Policing report ‘a national priority’

The implementation of reforms recommended by the Policing Commission should be considered a “first order national priority”, the chair of the body has said.

Kathleen O’Toole told the Oireachtas Justice Committee that there were “critical systemic problems” in the Garda Síochána relating to culture, structures, accountability and management.

Ms O’Toole said implementation of its 50 recommendations can be done and “must be done” in the interests of the gardaí and the “people they serve”.

The 100-page report of the Commission on the Future of Policing in Ireland was published in September.

In what she said was her last function as chair of the expert body, the former US police chief strongly rejected criticisms that some recommendations diluted oversight and were “regressive”.

While all members welcomed the bulk of the report, many expressed concern, and questioned Ms O’Toole at length, about the changes to the oversight bodies, in particular the Policing Authority and the creation of a new internal Garda Board.

    In her address, Ms O’Toole said the report set out:

  • A new approach to policing based on human rights, visibility, prevention of harm and service;
  • Policing as a profession, where staff could raise issues without fear;
  • An expanded body combining the Policing Authority and the Garda Inspectorate and a strengthened and renamed GSOC;
  • A national security co-ordination body, a ring-fenced Garda budget and a focus on cybersecurity.

Ms O’Toole said that a new Garda Board would strengthen internal governance and hold the commissioner to account as well as support them with business, HR and IT expertise.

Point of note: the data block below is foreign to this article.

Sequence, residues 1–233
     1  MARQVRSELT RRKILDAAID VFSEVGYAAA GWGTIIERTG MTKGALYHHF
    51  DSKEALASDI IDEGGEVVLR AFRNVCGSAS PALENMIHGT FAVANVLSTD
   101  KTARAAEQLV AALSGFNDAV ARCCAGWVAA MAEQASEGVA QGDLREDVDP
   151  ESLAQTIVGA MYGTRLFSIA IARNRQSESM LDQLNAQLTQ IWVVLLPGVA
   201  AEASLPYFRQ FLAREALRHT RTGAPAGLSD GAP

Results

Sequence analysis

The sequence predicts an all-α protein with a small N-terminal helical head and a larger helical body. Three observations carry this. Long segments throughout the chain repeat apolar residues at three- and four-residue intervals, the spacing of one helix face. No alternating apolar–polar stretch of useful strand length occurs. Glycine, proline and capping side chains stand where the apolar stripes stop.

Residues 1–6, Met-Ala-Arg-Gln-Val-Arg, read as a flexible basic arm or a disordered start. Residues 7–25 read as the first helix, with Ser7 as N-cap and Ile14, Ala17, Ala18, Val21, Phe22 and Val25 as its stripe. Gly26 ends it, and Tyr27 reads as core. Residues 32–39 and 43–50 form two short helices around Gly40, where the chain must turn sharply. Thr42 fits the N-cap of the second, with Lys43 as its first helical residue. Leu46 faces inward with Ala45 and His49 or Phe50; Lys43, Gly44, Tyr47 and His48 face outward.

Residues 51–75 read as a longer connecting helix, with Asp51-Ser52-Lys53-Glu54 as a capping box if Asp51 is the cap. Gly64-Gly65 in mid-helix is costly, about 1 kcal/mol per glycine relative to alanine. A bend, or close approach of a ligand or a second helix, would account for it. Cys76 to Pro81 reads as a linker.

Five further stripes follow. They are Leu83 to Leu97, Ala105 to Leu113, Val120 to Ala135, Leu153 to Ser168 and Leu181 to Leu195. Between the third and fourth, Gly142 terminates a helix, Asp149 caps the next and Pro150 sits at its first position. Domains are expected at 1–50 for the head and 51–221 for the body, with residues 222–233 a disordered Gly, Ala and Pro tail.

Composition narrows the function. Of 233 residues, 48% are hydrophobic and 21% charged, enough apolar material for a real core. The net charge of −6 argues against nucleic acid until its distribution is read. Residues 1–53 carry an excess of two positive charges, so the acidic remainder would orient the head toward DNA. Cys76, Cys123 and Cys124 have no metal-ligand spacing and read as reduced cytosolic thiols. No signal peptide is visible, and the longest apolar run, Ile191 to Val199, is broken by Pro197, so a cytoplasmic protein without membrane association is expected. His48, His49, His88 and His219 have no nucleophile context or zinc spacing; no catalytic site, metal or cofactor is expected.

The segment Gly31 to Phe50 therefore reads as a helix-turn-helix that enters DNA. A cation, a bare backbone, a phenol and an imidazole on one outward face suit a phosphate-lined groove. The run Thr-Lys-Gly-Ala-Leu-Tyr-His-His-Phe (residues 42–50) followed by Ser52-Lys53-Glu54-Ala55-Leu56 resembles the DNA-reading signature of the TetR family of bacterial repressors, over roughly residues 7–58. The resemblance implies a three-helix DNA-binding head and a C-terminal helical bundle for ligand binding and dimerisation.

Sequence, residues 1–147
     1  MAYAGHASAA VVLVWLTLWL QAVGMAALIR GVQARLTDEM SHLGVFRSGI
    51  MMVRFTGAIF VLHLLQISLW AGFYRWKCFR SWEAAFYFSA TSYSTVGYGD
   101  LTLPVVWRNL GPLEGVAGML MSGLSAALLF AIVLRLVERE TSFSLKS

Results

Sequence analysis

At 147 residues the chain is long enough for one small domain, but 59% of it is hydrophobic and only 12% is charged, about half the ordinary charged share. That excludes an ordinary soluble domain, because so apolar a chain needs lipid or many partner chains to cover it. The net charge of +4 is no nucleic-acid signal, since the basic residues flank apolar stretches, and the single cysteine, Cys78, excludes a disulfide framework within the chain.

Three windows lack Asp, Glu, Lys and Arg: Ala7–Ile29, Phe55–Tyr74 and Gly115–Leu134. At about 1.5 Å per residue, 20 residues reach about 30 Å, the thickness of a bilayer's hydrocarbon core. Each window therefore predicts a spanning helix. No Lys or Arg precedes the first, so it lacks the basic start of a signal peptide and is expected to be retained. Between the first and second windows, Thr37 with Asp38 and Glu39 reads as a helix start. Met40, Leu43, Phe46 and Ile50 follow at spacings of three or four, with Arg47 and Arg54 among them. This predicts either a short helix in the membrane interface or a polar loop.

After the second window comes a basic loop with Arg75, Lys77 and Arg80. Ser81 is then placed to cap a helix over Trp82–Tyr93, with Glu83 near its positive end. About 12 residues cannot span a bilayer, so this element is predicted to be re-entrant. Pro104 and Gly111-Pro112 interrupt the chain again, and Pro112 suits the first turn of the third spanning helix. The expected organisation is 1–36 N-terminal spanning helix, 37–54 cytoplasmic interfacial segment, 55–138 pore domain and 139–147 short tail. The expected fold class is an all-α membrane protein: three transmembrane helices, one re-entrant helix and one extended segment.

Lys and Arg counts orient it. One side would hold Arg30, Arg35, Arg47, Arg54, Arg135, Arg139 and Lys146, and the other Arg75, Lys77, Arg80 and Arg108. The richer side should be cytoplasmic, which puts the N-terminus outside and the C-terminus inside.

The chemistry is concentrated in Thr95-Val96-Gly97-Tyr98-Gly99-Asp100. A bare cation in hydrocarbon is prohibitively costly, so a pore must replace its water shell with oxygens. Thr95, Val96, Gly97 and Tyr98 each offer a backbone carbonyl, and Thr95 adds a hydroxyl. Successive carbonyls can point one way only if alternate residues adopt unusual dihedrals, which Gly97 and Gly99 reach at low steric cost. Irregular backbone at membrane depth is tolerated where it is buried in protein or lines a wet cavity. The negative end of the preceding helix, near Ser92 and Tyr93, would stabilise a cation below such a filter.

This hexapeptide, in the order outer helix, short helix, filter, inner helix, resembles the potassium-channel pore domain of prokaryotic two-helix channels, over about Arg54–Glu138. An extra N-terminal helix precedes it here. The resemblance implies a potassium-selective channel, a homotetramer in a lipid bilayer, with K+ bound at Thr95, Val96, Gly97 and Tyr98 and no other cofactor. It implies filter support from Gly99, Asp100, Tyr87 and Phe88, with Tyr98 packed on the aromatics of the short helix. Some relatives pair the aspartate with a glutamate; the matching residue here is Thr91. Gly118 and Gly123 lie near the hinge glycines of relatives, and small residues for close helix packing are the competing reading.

“It is not a substitute for oversight of policing in Ireland as some commentators have claimed,” she said.

“The commission’s report does not recommend the abolition of the Policing Authority or its functions. It does not recommend the abolition of GSOC. It does not recommend or imply any dilution of oversight or scrutiny of policing.”

She said the report recommended combining the Authority and the Inspectorate into a Policing and Community Safety Oversight Commission. She said they recommended removing the power of the authority to appoint senior officers and giving it to the commissioner and the board as it was “not appropriate” for an oversight agency to have responsibility for appointments.

“It is not a regressive step,” Ms O’Toole said.

Sinn Féin justice spokesman Donnchadh Ó Laoghaire TD said he was concerned about the loyalty of the Garda Board, which he thought would be with the Garda Síochána, and the lack of powers of Policing and Community Safety Oversight Commission.

Independents 4 Change TD Mick Wallace said that the changes appeared to be a “watering down” of the powers of oversight bodies, instead of boosting them.

Independents 4 Change TD Clare Daly said gardaí would be “firstly accountable to this board”. She said it represented “more control internally” as it had powers to make “appointments and decisions”. She said the board was being “used as a justification to take powers away from the Policing and Community Safety Oversight Commission” and give it to the commissioner and the board.

Commission member Donncha O’Connell said the commissioner had to be enabled and resourced to implement the change and that a board would assist that.

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